SBI Chairman Rajnish Kumar praises PM Modi for deep-rooted reforms; asks for 'a little bit of patience' for economic growth
YourStory Founder and CEO Shradha Sharma in conversation with SBI Chairman Rajnish Kumar
The economic slowdown cannot be downplayed, with signs showing up across industries and sectors. But while the numbers speak for themselves, there is little need to be pessimistic, says State Bank of India Chairman Rajnish Kumar.
Speaking to YourStory Founder and CEO Shradha Sharma, he explains why we need to have patience to ride out the downturn, which has also been spurred by the Narendra Mod government's deep-rooted reforms that came at one go. He refers to GST, Real Estate Regulation and Development Act, Insolvency and Bankruptcy Code, the demonetisation drive, stating that they would be key as India moves towards economic growth.
However, he feels that people now know how to do business and things will pick up. “There will be a different kind of business (environment) and growth in India going forward,” he opines.
Rajnish also points to the global downturn that has exacerbated the current economic situation. “There is an economic slowdown in every major economy. So, the global environment also is not very supportive of economic growth. It is having an impact on exports and that's why this situation demands some steps be initiated,” he explains.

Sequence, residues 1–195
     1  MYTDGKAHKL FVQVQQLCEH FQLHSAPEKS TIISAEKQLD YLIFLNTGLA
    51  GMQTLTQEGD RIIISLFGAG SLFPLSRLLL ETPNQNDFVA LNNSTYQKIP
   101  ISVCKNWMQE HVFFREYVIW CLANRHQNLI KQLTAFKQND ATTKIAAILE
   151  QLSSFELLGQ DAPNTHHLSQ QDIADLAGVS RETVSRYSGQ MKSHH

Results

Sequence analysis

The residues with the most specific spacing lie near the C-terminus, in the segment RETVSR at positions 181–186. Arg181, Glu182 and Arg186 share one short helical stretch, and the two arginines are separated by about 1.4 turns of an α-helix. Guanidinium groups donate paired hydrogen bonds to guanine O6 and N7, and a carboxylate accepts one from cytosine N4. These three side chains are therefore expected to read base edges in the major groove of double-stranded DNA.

On indicators of some improvement in the economy, Rajnish confirms that October as a month saw some activity and a lot of demand for consumer goods, given the festival season. “November has just started. We need to wait and then take stock of activity in three months,” he adds.
As far as government’s long-term strategy of becoming a $5 trillion economy is concerned, Rajnish believes that the revival of investment, especially in the private sector, is critical to achieve the target. “This investment is what we call ‘gross capital formation’, and it is absolutely essential that the private sector participates in it,” he adds.
The SBI Chairman further explains that the government’s primary job in this case would be to create a hassle-free investment journey to help revive the economy. “We have already seen a lot of improvement in terms of ease of doing business,” he says, adding that those states that are not considered very progressive should be given a fillip to attract investment.
Recently, India jumped 14 places to occupy the 63rd position on the World Bank’s Ease of Doing Business ranking, riding on the Make In India scheme and attractive reforms for foreign investments.